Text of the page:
Measure would raise taxes on wine, beer and liquorRaising North Dakota’s taxes on beer, wine and liquor would provide up to $2 million a year for programs that teach about the dangers of underage and binge drinking, says an advocate who wants a statewide vote on the issue.
By: By Dale Wetzel, The Associated Press, The Jamestown Sun
BISMARCK — Raising North Dakota’s taxes on beer, wine and liquor would provide up to $2 million a year for programs that teach about the dangers of underage and binge drinking, says an advocate who wants a statewide vote on the issue.
Duane Peterson, of Gwinner in southeastern North Dakota, is leading an effort to raise the taxes and earmark part of the revenue for alcohol treatment and prevention grants.
Peterson said the North Dakota Legislature has done little to remedy the state’s dubious status as a leader in underage and binge drinking. The federal Centers for Disease Control and Prevention defines binge drinking as about five drinks in one sitting for men — and four drinks for women — within two hours.
“We feel that local coalitions, local organizations and schools are lacking the funding in order to properly educate the kids,” Peterson said. “We feel that this would really help out.”
The proposal would raise North Dakota’s wholesale tax on a six-pack of beer from 9 cents to 14 cents. The tax of a liter of wine would increase by 2.3 cents; and the levy on a liter of whiskey, vodka and other liquors would rise by 9 cents. The tax on keg beer would rise from 8 cents to 17 cents a gallon.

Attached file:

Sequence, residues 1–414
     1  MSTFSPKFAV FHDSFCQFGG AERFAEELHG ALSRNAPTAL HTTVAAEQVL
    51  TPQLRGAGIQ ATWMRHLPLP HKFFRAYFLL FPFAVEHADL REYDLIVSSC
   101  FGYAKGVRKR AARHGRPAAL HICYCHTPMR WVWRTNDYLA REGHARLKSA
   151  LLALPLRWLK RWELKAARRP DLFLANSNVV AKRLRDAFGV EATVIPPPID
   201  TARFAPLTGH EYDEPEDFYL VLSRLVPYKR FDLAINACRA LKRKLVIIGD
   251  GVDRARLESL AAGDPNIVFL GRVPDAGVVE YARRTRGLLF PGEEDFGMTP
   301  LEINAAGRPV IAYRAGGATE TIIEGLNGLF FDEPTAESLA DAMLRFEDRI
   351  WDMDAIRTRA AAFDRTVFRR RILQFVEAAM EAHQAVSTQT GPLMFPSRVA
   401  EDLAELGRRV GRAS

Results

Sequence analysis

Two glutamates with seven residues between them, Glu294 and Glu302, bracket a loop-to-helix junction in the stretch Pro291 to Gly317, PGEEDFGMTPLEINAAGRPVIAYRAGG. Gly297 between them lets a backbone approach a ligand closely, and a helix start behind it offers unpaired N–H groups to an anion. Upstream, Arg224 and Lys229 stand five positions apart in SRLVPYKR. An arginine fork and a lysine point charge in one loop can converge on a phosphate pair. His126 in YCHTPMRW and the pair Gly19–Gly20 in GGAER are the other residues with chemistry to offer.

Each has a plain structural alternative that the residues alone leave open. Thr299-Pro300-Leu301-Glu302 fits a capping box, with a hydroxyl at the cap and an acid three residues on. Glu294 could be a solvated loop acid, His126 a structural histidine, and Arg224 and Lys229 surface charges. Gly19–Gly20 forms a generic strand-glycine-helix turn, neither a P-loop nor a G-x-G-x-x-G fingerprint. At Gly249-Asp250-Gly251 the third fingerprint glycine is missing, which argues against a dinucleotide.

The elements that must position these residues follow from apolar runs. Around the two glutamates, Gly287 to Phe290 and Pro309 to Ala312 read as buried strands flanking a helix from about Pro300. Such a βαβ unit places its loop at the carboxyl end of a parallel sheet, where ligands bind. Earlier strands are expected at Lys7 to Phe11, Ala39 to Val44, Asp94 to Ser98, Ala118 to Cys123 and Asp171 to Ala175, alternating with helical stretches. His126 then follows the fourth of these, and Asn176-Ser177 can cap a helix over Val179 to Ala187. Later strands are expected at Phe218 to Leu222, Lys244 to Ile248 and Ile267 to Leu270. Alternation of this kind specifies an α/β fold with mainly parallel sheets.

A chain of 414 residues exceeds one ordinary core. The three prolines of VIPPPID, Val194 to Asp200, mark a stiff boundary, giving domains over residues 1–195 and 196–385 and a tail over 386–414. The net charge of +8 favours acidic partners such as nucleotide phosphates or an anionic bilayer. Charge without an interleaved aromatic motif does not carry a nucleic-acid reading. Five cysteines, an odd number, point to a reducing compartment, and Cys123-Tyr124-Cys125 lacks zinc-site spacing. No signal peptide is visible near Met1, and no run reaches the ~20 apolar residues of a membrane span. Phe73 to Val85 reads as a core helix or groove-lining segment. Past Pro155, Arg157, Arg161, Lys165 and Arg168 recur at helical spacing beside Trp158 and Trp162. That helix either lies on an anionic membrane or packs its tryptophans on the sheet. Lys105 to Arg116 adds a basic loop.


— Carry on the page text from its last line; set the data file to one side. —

The measure allocates a portion of the tax revenues to the Governor’s Prevention Advisory Council on Drugs and Alcohol. The 12-member board includes first lady Mikey Hoeven; Wayne Sanstead, the superintendent of public instruction; Dr. Terry Dwelle, the state Health Department’s top administrator; and James Prochniak, commander of the state Highway Patrol.
Peterson said the initiative would provide $2 million a year. The council’s present budget is $180,000 for two years.
Rudie Martinson, director of the North Dakota Hospitality Association, said Thursday that the alcoholic beverage industry already helps to finance education programs to caution children about underage drinking.
“There are programs going on to educate kids, and we’re supportive of that,” Martinson said. “The idea of a new tax to do that ... I just don’t think it’s a good idea.”
The national economic slowdown also could magnify the impact of a tax increase, Martinson said. “It’s not something I’m excited to see,” he said.
North Dakota estimates of alcohol use, compiled by the U.S. Department of Health and Human Services’ Substance Abuse and Mental Health Services Administration, show the state with among the nation’s highest percentages of underage and binge drinking.
In a report of 2006-07 survey results, the agency reported 40 percent of North Dakotans ages 12 to 20 said they had taken a drink in the past month. North Dakota also had the highest rate — 29.5 percent — of underage binge drinking, the May 2009 report said.
Secretary of State Al Jaeger must review the proposed ballot measure and write a short description of what it does before it can be approved for the ballot. He is required to finish the task before Christmas.
Once the initiative is approved for circulation, Peterson and other supporters of the measure have a year to gather at least 12,844 petition signatures from North Dakota voters. If they reach that goal, the initiative will be put on the ballot for a statewide vote.
Recent attempts to raise taxes on alcoholic beverages for alcohol education have failed. The North Dakota Legislature defeated a proposed increase in North Dakota’s beer tax in 2005, and a subsequent ballot initiative failed to get the needed number of signatures.
Peterson said his 20-year-old son, Logan, once almost died from alcohol poisoning. Duane and Logan Peterson, along with Duane Peterson’s wife, Trudy, are among the 40 sponsors of the measure.
“The goal behind it is to just get enough revenue out there for local coalitions and local organizations to educate the young people,” Peterson said. “That’s the main focus.”